Christmas

The resurrection of four-year-old Sarah Lyn: A father’s experience of the life-giving Word

Do miracles still happen today? This Christmas, Salt&Light brings you a series of stories of God's wondrous acts right here in Singapore.

Dr Philip Lyn // December 22, 2018, 1:00 pm

Philip Lyn Family

The Lyn family on Sarah's fourth birthday in 2002. From left to right: Andrew, Frances, Sarah, Nancy and Philip. All photos courtesy of Dr Philip Lyn.

August 26, 2002: This was the day the Lyn family’s life changed. At morning devotion, God dropped the words of Psalm 118:17 into my wife Nancy’s heart and mine.

It read: “I shall not die but live and declare the works of the Lord.” (Psalm 118:17)

This verse was to prove critical for us to pry open the doors of faith later in the day.

A rope, a noose

At 3.50pm, I was in my clinic and received an urgent call from my son, Andrew, who virtually shrieked into the phone: “Dad! Dad! Come quick, Sarah’s dying! She’s dying!”

Sarah was our four-year old daughter. After quickly ascertaining from Andrew where she was, I dashed out of the clinic and my nurse drove me to the house of Freida, the violin teacher.

For a moment, every bit of me wanted to throw myself on her and weep.

Apparently, Frieda had discovered Sarah lifeless and hanging from her neck by a nylon clothesline at the back of the house at around 3.45pm.

She had been playing with Freida’s three-year-old daughter, Magdalene, before and must have climbed up on a stool to play with a rope left dangling from the clothesline. She had probably gotten her head accidentally caught in the rope and, in panic, toppled the stool and strangulated. The rope had become her noose.

Magdalene tried to alert her mum who was in the house tutoring our 11-year-old son, Andrew, on the violin.

The little girl had limited vocabulary and so was unable to communicate the crisis to her mother.

She was shooed away only to return and yank her mum’s hand hard.

No breath

Valuable time had ticked by, in all probably six to seven minutes. Frieda finally sensed something amiss and walked to the backyard to check. To her horror, she found a lifeless Sarah hanging, like a rag doll, from the clothesline.

She screamed in horror.

When brought down, Sarah’s face was dark blue. She was motionless. There was no breath, nor pulse, nor heartbeat. The pupils of her eyes were fixed and dilated in the hot sun.

Sarah was clinically dead.

Frieda cried out to the Lord, shouted for her husband to come and help with CPR. That was when Andrew rang me.

After many minutes of desperate resuscitation effort, when hope was almost gone, Sarah suddenly choked and began struggling with some breaths.

There was life!

The promise

When I arrived, Sarah was still unconscious on the grass in the backyard of the house, a dark rope mark round her neck. Her face was dark blue and she had dark spots round her eyes. Her body was bathed in a cold sweat, and there was hardly any breath or discernible pulse.

Worst of all, I knew that the contorted posture of her body and limbs indicated severe brain damage.

For a moment, every bit of me wanted to throw myself on her and weep. I cried out to God and spoke directly to Sarah: “Sarah, you shall live, you shall not die! Jesus heals you and gives you life!”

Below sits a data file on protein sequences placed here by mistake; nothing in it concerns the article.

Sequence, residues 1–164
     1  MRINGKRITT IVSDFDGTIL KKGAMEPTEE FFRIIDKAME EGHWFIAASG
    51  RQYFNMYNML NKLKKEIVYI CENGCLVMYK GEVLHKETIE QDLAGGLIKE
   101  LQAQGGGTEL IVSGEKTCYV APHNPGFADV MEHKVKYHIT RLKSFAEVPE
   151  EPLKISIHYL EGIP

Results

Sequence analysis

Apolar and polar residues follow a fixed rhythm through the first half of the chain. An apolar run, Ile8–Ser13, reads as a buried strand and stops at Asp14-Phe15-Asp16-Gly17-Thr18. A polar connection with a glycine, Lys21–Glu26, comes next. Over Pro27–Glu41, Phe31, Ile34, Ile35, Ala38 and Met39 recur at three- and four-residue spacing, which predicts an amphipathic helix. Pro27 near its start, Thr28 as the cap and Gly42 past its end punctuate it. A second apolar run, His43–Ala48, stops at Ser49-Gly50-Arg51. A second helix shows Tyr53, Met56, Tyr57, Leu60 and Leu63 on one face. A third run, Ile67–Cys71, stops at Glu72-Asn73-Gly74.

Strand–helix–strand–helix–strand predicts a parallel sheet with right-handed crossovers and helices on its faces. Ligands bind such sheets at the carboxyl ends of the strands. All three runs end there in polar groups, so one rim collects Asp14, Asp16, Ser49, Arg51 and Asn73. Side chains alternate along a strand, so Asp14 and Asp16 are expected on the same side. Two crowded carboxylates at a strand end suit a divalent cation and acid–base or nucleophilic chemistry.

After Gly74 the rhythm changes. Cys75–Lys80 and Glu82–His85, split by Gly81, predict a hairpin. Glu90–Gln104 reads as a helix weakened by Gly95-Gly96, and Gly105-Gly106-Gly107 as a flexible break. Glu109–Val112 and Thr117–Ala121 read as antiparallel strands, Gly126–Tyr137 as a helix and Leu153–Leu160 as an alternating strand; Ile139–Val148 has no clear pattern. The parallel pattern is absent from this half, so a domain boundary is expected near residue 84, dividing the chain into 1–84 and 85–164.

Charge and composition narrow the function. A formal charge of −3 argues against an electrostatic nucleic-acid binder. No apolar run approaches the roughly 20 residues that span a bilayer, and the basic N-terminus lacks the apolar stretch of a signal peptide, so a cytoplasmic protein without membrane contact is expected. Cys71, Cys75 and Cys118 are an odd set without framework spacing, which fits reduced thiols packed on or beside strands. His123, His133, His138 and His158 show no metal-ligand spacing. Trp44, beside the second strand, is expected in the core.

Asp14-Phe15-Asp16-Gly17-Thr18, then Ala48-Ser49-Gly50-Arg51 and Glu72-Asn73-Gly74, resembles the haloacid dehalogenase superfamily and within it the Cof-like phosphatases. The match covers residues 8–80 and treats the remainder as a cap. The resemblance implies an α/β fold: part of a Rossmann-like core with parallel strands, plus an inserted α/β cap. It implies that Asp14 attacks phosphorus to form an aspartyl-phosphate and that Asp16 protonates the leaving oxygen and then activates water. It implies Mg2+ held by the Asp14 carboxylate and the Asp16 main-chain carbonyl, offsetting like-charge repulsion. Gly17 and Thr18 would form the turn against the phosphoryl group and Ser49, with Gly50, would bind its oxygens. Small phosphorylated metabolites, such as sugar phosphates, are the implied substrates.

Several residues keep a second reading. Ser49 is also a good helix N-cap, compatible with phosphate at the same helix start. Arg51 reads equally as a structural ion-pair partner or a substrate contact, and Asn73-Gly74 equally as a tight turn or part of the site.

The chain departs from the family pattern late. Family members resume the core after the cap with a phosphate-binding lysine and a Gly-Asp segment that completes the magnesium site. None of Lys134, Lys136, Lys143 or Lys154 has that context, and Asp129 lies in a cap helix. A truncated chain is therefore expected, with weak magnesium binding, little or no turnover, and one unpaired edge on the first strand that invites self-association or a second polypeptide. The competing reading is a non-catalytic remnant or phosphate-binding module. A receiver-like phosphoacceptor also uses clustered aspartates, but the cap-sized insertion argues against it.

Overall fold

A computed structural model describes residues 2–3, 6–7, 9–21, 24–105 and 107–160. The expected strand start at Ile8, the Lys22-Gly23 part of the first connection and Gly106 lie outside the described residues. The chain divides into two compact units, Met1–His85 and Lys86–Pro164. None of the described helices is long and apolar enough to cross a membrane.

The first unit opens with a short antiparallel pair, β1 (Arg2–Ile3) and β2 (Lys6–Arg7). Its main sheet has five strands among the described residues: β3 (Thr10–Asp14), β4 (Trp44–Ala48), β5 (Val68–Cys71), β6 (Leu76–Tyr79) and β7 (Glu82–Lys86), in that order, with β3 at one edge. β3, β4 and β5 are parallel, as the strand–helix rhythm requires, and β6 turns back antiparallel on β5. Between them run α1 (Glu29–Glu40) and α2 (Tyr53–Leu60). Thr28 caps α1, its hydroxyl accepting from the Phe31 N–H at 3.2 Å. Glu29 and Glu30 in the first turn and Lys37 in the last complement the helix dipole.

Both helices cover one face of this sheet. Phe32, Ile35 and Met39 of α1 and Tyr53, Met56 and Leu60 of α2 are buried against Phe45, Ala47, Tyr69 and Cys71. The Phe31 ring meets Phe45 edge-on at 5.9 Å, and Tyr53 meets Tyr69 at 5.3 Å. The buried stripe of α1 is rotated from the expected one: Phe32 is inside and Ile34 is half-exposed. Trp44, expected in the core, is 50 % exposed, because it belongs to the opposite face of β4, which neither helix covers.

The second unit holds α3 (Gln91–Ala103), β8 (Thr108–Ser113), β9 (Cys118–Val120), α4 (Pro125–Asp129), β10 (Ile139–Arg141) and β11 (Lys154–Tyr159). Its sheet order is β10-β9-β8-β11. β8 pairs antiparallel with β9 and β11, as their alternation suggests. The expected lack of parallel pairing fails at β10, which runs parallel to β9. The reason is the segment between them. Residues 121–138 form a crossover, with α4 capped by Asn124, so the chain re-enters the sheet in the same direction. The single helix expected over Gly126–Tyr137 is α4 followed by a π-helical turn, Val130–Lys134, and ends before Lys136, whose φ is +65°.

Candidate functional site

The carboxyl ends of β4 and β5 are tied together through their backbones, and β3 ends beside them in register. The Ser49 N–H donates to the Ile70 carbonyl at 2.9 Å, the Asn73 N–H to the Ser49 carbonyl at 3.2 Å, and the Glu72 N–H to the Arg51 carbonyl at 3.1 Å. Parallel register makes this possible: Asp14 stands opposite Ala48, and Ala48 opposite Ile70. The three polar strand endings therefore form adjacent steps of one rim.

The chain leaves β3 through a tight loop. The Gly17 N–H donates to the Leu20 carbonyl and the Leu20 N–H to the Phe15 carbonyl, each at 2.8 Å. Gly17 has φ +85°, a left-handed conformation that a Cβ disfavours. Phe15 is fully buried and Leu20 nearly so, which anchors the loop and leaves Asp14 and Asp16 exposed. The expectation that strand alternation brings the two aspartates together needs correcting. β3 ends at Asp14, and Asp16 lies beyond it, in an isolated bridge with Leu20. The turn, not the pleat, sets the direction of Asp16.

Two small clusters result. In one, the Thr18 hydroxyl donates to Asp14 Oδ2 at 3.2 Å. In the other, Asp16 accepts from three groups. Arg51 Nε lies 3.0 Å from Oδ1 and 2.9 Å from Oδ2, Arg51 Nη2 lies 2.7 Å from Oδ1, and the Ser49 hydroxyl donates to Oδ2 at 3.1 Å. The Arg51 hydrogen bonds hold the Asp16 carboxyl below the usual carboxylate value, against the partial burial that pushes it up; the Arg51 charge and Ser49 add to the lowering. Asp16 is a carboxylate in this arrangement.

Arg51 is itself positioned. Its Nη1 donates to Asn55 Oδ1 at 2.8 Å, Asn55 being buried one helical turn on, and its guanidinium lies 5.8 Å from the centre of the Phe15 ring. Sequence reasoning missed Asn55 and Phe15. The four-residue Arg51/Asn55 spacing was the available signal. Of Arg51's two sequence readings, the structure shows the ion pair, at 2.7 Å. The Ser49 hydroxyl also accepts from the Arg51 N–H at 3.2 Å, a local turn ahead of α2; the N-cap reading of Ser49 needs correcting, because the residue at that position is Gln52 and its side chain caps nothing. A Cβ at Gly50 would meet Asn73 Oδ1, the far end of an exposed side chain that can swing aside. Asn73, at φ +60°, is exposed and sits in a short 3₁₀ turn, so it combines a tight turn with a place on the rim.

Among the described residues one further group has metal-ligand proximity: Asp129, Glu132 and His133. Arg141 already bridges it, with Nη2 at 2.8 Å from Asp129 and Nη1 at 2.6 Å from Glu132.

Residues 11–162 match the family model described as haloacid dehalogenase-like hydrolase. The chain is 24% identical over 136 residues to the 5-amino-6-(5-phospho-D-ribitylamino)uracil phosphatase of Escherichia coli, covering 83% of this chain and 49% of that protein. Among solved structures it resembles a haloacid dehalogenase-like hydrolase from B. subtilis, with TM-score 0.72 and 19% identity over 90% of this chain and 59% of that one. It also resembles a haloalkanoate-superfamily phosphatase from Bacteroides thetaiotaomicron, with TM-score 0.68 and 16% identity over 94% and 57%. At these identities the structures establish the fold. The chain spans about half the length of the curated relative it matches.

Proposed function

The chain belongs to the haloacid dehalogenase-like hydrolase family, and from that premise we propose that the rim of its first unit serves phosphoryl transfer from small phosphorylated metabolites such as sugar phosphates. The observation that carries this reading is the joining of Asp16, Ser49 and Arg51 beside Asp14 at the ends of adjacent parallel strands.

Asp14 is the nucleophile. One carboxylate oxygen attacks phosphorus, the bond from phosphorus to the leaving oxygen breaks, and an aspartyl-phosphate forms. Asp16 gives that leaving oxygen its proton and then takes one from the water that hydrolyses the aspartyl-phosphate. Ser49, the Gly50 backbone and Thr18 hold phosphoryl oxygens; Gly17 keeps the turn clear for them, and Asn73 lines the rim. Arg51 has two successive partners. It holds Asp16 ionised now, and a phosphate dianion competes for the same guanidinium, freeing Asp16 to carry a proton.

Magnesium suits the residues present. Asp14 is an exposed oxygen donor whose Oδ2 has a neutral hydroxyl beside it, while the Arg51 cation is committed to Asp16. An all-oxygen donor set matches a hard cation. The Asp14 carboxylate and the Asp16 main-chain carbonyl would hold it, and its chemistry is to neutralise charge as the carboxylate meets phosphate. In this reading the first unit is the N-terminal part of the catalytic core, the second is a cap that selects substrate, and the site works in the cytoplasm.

Then I rebuked the spirit of death and continued CPR as best as I could.

The words the Lord gave us that morning were now a promise of flood-tide proportions.

As she stabilised, I scooped her into my arms and ran to the car. The ambulance hadn’t arrived yet so Frieda’s husband drove us to the hospital.

All along the seemingly unending journey to the medical centre, I cried out to God for Sarah’s life, speaking words of endearment to her.

She was in a coma and totally unresponsive.

My medical colleagues were waiting in the emergency room when I carried Sarah’s frail body in. But I knew the damage to the brain had been done.

Shortly afterwards, Nancy arrived. As Nancy and I waited in the darkened CT scan room for her brain scan results, we squeezed each other’s hands and whispered the words the Lord had given us that morning.

They were now a promise of flood-tide proportions to us: “I shall not die but live and declare the works of the Lord!”

Sarah was still in a coma. But even at that stage, we believed by faith that God would restore her to us whole. There was now little else that we could do except to pray as the doctors took over.

A mother’s heartbreak

The news spread like wildfire.

Friends, church members, leaders and pastors started pouring in to comfort us and pray for Sarah. The rest of the family came, including my parents. Both our eldest daughter, Frances, and our son, Andrew, were devastated but we told them to pray in faith with us at this critical time.

The bruising caused by the rope around Sarah’s neck. By the time Sarah was found hanging from the clothesline, her heart had stopped beating, her face was dark blue and her pupils were fully dilated. All photos courtesy of Philip Lyn.

Many looked stunned, few knew what to say. They saw the pain on our faces and wept with us.

We managed to thank everyone who came and asked them to pray. They did, forming spontaneous prayer groups outside the ward and in the visitors’ area, holding hands and praying fervently.

Many came and prayed over Sarah in her bed — including a whole group of children (her friends) who came to lay hands on her. This helped to grow our faith so much.

Nancy had her head on the bed the whole time, crying to the Lord as she held Sarah’s still hand, pleading silently with tears.

Later she had to drive home to collect some personal items for the night. In the car, she was barely able to see the road for her tears and the heavy rain.

In that moment, the Lord spoke to her that He would heal Sarah — not because we were pastors, nor more righteous than anyone else — but because He loved us.